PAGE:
• by arth1 (260657)

        The rules are simple and clear: If you're not watching or recording live TV, you don't need a license. Catch-up and on-demand services are exempt.

        The rules are seldom that simple, and depend on the country you are in.

        In some, any equipment capable of receiving over-the-air signals in the designated TV bands is what prompts the license. Actual usage is irrelevant.

        How I know? I was forced to pay a license for using an RF modulator for connecting an old hobby computer with RF output to a monitor. The store that sold the modulator was required to report the buyers as owner of a license-requiring device.

        Anyhow, that's not the real problem. The problem

        • Why didn't you ask a friend to buy it for you, or bought it on ebay or over the internet, or even built it yourself?

          • by arth1 (260657)

            Why didn't you ask a friend to buy it for you, or bought it on ebay or over the internet, or even built it yourself?

            Because I didn't know this would be an issue until after I had bought it. All I wanted was to hook up my old hobby computer to a monitor, and an RF demodulator would do that.

      • by drinkypoo (153816)

        What these thugs are doing is even worse than stopping and searching pedestrians at random and demanding to see their driving license: What they're doing is akin forcing pedestrians to drop by at the Driver's and Vehicle Licensing Agency periodically, and force them to waste their time to prove that they DON'T own a car

        Even worse, it's more like turning up and searching your flat for keys to an auto... and taking note of anything else they might find.

    • by xiando (770382)
      RadiotjÃnst hassled me quite a lot back in 2005-2006. They called numerous times and asked stupid questions about "My television". They were asking in a way that assumed I actually had one in an attempt to make me admit I had one. I did not and I still don't. They eventually gave up when I actually told them that "You know, there is this brand new thing now that's called the Internet and that's far more interesting than the dull TV". RadiotjÃnst seems like a bunch of criminals imho.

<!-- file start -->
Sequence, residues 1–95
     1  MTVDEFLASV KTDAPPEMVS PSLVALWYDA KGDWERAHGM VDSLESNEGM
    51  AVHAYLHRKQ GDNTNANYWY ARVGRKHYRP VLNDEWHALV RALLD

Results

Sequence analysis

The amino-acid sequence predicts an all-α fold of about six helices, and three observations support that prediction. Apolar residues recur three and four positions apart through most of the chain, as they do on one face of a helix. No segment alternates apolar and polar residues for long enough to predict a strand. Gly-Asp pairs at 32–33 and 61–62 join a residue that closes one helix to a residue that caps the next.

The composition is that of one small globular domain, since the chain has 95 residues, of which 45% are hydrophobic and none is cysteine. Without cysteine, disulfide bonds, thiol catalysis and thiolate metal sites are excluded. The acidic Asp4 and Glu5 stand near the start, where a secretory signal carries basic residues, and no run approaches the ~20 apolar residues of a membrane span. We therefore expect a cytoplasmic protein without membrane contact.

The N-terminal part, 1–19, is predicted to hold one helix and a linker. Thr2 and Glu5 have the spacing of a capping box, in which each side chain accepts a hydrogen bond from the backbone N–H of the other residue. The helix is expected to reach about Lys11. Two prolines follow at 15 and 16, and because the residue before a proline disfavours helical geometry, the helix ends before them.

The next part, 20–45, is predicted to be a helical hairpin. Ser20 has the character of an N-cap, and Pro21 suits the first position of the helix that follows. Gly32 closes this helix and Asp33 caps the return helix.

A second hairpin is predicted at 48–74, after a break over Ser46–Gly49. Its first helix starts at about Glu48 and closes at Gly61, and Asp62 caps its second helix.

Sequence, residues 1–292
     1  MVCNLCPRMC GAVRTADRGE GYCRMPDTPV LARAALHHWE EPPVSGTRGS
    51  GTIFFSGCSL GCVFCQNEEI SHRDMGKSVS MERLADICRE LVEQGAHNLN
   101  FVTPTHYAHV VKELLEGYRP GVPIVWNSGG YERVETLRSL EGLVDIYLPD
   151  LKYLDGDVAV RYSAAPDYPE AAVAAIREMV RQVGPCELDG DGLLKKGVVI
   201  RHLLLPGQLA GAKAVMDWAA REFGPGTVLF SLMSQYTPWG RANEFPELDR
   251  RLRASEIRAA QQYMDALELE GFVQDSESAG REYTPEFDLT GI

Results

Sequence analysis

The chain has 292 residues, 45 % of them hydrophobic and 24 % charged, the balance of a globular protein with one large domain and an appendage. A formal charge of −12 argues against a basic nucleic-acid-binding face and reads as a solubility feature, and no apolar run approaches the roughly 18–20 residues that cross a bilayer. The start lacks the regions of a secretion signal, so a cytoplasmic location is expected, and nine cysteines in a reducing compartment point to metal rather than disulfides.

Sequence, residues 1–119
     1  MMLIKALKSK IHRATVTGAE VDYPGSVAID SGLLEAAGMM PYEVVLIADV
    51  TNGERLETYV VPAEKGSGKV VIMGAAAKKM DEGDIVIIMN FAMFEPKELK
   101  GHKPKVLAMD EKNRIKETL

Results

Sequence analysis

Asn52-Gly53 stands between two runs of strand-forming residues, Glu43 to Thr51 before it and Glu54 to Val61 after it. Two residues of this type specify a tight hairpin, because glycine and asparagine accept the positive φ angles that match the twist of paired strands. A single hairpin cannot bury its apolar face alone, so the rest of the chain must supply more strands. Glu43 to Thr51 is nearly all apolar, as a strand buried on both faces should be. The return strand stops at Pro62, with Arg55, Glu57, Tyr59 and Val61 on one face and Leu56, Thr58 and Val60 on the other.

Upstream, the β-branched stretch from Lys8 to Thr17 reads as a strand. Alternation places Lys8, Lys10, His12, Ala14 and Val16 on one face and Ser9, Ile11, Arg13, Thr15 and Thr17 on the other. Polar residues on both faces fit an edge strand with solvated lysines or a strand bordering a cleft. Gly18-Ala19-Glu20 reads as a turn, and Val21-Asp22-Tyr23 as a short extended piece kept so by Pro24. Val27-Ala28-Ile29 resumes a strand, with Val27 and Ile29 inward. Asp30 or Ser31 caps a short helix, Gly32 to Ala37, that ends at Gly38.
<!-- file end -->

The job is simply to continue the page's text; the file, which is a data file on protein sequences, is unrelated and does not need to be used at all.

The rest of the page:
• by Havenwar (867124)

        At one time they rang the door when I wasn't home. My girlfriend answered and said that we had a TV. Now apparently they aren't allowed to ask people who don't live there, but back then they rarely asked if the person that answered the door was a resident. Anyway, I got a bill, and tried to refute it. They refused. I ended up "admitting guilt" and then telling them I got rid of the TV because I didn't want to pay more, which meant I had to pay for only the week or soi I allegedly had it.

        Haha, good story rig

    • by the_arrow (171557)

      Well, I hope you don't have a radio as well, as in Sweden you need to pay the license for radios too.

      • by Havenwar (867124)

        Actually that's not true. While the collected funds pay for public service radio as well, it's only the TV-receivers that have to pay.

        But no, I don't have a radio - streaming audio entertainment over the network or downloading just the songs I wanted was feasible long before the same was true for video.